When assigning space for clothes, include extra shelf and hanging space in your plan. Then keep the closet organized by removing items you no longer use. The planners at California Closets, a national franchise of professional closet designers based in San Francisco, recommend removing an old item when you buy something new and tossing anything you haven't worn in a year.

Use every available inch of space when developing your closet design. The back of the door can be used for shoes (as shown) or to keep belts, ties and scarves organized and handy. Keeping items off the floor makes cleaning easier.

<p>Shelves, like Rubbermaid's add-on shelving, keep items in sight.</p>

Shelves, like Rubbermaid's add-on shelving, keep items in sight.

Photo by Courtsey of Rubbermaid

Putting It In
Closet systems are either attached to the wall or the floor. ClosetMaid's Shelftrack system consists of an aluminum track attached to the wall. Vertical supports and shelving hang from the track, making it easy to change the configuration when needed.

Follow the manufacturer's directions for attaching systems to the wall, especially when securing shelves to drywall between the studs. A tip from the pros: Before installing, paint the closet walls and ceiling. Painting won't take long, and it will make the finished project much more attractive.

Although closet systems are an easy do-it-yourself project, professionals bring qualifications you probably lack. For instance, pros have experience designing small spaces and access to materials you might have trouble finding. They also have teams of installers who can have a custom system in place in one day for most closets, including walk-ins.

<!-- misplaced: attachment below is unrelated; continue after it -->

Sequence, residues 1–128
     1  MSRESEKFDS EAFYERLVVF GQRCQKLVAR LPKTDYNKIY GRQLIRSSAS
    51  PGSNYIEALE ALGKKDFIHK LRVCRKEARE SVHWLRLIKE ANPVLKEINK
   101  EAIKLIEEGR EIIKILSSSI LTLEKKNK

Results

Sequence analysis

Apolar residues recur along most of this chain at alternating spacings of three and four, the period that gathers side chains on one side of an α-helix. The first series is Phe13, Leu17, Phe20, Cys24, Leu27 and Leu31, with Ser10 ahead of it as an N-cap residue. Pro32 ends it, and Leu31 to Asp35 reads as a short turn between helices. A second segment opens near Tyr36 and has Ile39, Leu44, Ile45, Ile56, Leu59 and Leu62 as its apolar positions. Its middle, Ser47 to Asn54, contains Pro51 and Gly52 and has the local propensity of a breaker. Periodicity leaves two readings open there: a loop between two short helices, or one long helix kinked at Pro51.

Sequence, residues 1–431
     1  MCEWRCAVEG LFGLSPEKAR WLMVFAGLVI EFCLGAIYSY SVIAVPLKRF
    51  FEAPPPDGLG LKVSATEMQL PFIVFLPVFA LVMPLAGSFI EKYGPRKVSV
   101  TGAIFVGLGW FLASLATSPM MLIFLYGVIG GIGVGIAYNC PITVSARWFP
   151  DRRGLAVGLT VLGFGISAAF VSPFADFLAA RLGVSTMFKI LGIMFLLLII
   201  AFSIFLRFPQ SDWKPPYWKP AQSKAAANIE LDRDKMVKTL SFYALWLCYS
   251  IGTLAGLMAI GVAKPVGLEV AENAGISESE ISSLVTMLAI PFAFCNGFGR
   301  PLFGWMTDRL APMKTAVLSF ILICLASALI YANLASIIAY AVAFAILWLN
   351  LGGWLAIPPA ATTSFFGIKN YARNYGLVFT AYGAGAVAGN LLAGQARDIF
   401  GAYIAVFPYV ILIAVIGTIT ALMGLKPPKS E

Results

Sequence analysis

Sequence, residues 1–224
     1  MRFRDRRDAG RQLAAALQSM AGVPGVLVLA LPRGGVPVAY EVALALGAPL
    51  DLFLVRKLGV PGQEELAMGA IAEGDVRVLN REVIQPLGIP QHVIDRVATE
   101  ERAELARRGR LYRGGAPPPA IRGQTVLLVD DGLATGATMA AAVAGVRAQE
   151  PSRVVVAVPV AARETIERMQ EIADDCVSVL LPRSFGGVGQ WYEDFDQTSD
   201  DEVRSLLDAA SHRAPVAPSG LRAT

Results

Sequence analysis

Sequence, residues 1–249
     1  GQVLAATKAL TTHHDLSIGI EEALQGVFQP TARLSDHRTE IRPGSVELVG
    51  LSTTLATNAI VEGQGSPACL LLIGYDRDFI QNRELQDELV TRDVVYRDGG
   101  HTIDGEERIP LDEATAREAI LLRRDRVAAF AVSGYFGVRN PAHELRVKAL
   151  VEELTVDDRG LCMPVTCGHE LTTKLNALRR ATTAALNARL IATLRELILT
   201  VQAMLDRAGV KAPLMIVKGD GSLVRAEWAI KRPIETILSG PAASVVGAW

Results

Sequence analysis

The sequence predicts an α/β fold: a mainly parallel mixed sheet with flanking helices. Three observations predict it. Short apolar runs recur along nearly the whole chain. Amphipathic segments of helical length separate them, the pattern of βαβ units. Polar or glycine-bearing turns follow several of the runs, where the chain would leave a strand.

Most of these companies work the same way: A designer comes to your house and does an inventory of everything you want to store in the closet. The designer also helps you weed out items that should be stored elsewhere. "I've had clients in their fifties who still had their bar mitzvah tie or first communion suit hanging with the clothes they wear everyday," says Vicki DiMedio, president of Closet Design Group, in Boca Raton, Florida.

There are a number of scenarios where it probably makes sense to hire a pro. Lack of time to do the job yourself tops the list. Although you'll still be involved, a pro will take charge and ensure the project is completed.

Or, call in an expert if you can't decide what to toss. Having an outsider go through your belongings and ask how you use them might seem odd, but it will help whittle away the excess.

Finally, don't do the work yourself if you think of closet storage as furniture. Storage systems can do much more than just organize and protect your belongings — they can display them. Involving a pro also makes sense if you invest in high-priced materials. You'll get the most use out of the space, and installation will be neat.

<p>Sliding wire baskets, like Rubbermaid's, can be used as casual drawers.</p>

Sliding wire baskets, like Rubbermaid's, can be used as casual drawers.

Photo by Courtsey of Rubbermaid

Measure for Measure
It's impossible to come up with exact figures for how much room your clothes will occupy. But there are some guidelines for the space required for hanging clothing. Measure your items from the top of the hanger to the bottom of the item.

Suits/sports jackets: 38 to 40 inches
Dress shirts: 36 to 38 inches
Slacks (folded over hanger): 28 to 30 inches

Suits/blazers: 28 to 34 inches
Blouses: 30 to 32 inches
Skirts: 38 to 40 inches
Dresses: 45 to 50 inches
Pants (folded over hanger): 28 to 30 inches